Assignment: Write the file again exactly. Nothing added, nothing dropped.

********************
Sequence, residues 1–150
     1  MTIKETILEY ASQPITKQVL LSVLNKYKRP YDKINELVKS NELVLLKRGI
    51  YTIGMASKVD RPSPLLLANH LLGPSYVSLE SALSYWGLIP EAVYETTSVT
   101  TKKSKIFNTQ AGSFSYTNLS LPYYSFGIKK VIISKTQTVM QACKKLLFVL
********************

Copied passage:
Sequence, residues 1–150
     1  MTIKETILEY ASQPITKQVL LSVLNKYKRP YDKINELVKS NELVLLKRGI
    51  YTIGMASKVD RPSPLLLANH LLGPSYVSLE SALSYWGLIP EAVYETTSVT
   101  TKKSKIFNTQ AGSFSYTNLS LPYYSFGIKK VIISKTQTVM QACKKLLFVL